Take the 2-minute tour ×
Stack Overflow is a question and answer site for professional and enthusiast programmers. It's 100% free, no registration required.

I have a global struct that I use within threads, that I create utilizing pthread.h. There are concurrent threaded events updating variables within it. Therefore my data within the struct often is out of sync, as I found out via extensive debugging.

There's no keyword like "synchonized" (Java background) in C afaik. So how do I block the data-structure to keep it valid?

My struct is:

struct thread_data 
   int nr;
   int time;
struct thread_data thread_data_array[MAX_THR];

MAX_THR is defined as 10 e.g..

My data get passed to the new thread with pthread_create:

pthread_create(&threads[num_threads], NULL, Thread_Fkt, &thread_data_array[num_thread]);

Sometimes Threads are created within other threads. There's no linear termination. Does C provide a synchronized set of data-structures?

Thanks ;)

share|improve this question

5 Answers 5

You should probably look into pthread mutex :

A mutex is a MUTual EXclusion device, and is useful for protecting shared data structures from concurrent modifications, and implementing critical sections and monitors.

share|improve this answer
I'd also make the struct opaque and move all the access/mutate operations into functions, so you know you have everything in one place. –  Pete Kirkham Nov 14 '10 at 18:09

Threads are not part of C itself but of the operating system.

The "pthread" in pthread_create stands for POSIX threads. There are several utilities in POSIX to synchronize between threads. It would certainly depend on what you want to achieve exactly.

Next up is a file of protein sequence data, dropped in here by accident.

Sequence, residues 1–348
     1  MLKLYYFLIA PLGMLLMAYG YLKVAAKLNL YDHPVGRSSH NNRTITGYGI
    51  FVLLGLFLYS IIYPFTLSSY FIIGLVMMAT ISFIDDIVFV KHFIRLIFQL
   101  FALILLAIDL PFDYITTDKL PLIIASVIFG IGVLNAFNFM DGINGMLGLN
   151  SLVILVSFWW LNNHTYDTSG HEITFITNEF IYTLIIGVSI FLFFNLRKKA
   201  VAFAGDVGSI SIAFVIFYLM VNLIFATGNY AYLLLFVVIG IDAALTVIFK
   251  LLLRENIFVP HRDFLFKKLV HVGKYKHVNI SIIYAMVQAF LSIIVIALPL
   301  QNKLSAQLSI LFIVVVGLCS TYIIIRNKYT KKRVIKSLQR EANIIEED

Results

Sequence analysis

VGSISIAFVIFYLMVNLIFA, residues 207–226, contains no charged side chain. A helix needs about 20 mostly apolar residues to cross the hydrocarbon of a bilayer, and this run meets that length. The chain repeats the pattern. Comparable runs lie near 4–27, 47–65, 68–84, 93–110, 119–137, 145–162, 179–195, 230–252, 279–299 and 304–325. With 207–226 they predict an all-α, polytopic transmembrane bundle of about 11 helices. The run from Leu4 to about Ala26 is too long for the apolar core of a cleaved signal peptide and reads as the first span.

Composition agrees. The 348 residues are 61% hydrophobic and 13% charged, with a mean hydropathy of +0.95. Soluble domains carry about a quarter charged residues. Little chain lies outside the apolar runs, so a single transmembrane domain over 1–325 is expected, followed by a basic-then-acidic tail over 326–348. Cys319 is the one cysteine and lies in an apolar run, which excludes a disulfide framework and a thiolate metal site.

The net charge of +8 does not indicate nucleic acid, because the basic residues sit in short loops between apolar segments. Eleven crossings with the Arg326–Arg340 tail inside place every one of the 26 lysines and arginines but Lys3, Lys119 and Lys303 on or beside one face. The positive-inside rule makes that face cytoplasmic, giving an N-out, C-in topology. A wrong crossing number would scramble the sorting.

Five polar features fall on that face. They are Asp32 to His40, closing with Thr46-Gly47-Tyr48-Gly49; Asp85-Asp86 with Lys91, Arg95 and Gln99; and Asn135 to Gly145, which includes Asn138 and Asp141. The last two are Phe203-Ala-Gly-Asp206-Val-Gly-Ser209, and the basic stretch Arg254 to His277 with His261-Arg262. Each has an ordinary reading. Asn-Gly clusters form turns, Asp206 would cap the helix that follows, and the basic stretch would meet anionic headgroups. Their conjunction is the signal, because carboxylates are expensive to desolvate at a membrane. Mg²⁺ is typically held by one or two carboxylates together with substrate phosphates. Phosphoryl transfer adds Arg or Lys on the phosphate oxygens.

You can find first information about these by consulting the man pages of their "init" functions, e.g

man pthread_mutex_init
share|improve this answer

I just wanted to clarify the two other answers.

Unlike in other languages, in "C", you can't just declare a structure as "protected" and have the compiler/libraries/framework abstract all the synchronization for you.

pthread mutexes are the way to go, but it is a manual process in which you have to determine which sections of code (as opposed to which data structures) are to be protected, and to put that protection in your code.

This consists of determining which pieces of code would touch these shared data structures, and put the code inside the appropriate pthread_mutex_lock and pthread_mutex_unlock statements.

share|improve this answer
I want to add that the "other compiler/lib/fw" do definitely not abstract "all the synchronization" for you, especially not for languages with "synchronized" keywords like Java or C#, as you seem to imply. Inherently thread-safe &&|| lock-free data-structures exist in C too, though of course they are not in the standard-library, and therefore not as accessible for the non-initiated, sadly. –  gimpf Nov 22 '10 at 16:46

Presumably your num_threads variable is global and shared between all threads. As an example of using pthreads mutexes, you would protect this variable by declaring an associated mutex:

int num_threads = 0;
pthread_mutex_t mtx_num_threads = PTHREAD_MUTEX_INITIALIZER;

Then whenever you access the variable, you need to take a lock on the mutex:

new_thread = num_threads++;

pthread_create(&threads[new_thread], NULL, Thread_Fkt, &thread_data_array[new_thread]);
share|improve this answer

Mutexes are slow. See if you can get away with atomic operations.

share|improve this answer

Your Answer


By posting your answer, you agree to the privacy policy and terms of service.

Not the answer you're looking for? Browse other questions tagged or ask your own question.